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Hong Kong court tells China’s Evergrande property developer to LIQUIDATE with debts of $330 billion
By Ethan Huff // Jan 30, 2024

China's Evergrande Group is finally being liquidated more than two years after it defaulted, thanks to a court order out of Hong Kong.

Widely recognized as the world's most indebted developer, Evergrande currently holds more than $330 billion in total liabilities, which Justice Linda Chan says necessitates a liquidation.

Since Evergrande has been unable to offer any kind of concrete restructuring plan, despite many months of delays and repeated court hearings, Justice Chan decided to force the failed developer to start paying up by liquidating its assets.

"It is time for the court to say enough is enough," Justice Chan said in a preliminary statement preceding a more detailed statement of reasoning she released later in the day following the ruling.

In a statement to Chinese media, Evergrande chief executive Siu Shawn said the company will continue to ensure the completion of existing home building projects despite the liquidation order, which he says will not affect the operations of Evergrande's onshore and offshore units.

(Related: Learn more about the Evergrande debacle from our earlier coverage.)

How will China treat Evergrande's foreign investors?

As with any liquidation, the process will take some time, especially considering the size and scope of Evergrande's operations. There are sure to be many complications and political considerations, not to mention the global impact of the company's failure.

Offshore investors will now be paying very close attention to how Chinese authorities treat foreign creditors when a Chinese company fails.

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"It is not an end but the beginning of the prolonged process of liquidation, which will make Evergrande's daily operations even harder," commented Gary Ng, senior economist at Natixis.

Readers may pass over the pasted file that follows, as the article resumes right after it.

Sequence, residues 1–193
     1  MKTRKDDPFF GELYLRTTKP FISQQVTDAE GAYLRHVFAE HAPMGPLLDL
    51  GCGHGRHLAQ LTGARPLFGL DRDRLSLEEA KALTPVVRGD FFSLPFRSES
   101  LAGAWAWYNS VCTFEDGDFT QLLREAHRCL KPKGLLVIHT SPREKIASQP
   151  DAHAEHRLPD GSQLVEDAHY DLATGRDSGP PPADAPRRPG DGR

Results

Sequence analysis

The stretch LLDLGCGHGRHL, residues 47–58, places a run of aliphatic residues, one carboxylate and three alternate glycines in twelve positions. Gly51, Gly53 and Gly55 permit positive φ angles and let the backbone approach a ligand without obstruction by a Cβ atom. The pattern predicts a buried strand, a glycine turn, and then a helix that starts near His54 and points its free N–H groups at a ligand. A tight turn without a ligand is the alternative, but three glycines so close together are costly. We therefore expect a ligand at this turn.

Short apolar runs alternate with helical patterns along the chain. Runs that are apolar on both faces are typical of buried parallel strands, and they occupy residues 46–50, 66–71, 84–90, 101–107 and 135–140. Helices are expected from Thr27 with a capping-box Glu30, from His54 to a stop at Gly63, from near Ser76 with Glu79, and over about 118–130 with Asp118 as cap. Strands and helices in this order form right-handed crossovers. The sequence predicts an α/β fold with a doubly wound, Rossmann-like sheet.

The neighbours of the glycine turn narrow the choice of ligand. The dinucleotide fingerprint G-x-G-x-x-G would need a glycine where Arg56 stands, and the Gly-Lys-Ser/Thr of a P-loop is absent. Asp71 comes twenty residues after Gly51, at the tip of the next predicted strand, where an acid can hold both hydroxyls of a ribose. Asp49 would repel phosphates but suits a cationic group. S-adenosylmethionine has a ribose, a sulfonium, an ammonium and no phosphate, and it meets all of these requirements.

"As most of Evergrande's assets are in mainland China, there are uncertainties about how the creditors can seize the assets and the repayment rank of offshore bondholders, and the situation can be even worse for shareholders."

Prior to the hearing, Evergrande's share price had tanked by about 20 percent. Following the verdict, trading was halted in China Evergrande and its listed subsidiaries China Evergrande New Energy Vehicle Group and Evergrande Property Services.

China's capital and property markets were already on very thin ice as it is prior to the ruling. With $240 billion in assets, which is substantially less than its liabilities, Evergrande threatens to potentially take down the Chinese economy.

China's economy performed much worse in 2023 than authorities anticipated, and is currently struggling through its worst property market in nine years. China's stock market is also wallowing near five-year lows as concerned investors pull their money out of China.

After applying for another adjournment, Evergrande's lawyer said "some progress" was made on the company's restructuring proposal. In the latest offer, the failed developer proposed that creditors swap their debts into all the shares the company holds in its two Hong Kong units as opposed to taking stakes of around 30 percent in the company's subsidiaries, which is what was proposed ahead of the last hearing in December.

Liquidation threatens to harm the operations of Evergrande, the company's lawyer argued, including its property management and electric vehicle (EV) units. He added that Evergrande's ability to repay all creditors will be hampered by the decision.

For the past two years, Evergrande has been working on a massive $23 billion debt revamp plan with a group of creditors known as the ad hoc bondholder group.

"We're not surprised by the outcome and it's a product of the company failing to engage with the ad hoc group," commented Fergus Saurin, a Kirkland & Ellis partner who advised the offshore bondholders.

"There has been a history of last-minute engagement which has gone nowhere. And in the circumstances, the company only has itself to blame for being wound up."

China's economy is in the tank, and it could drag the rest of the world's globalized economies with it. Learn more at CommunistChina.news.

Sources for this article include:



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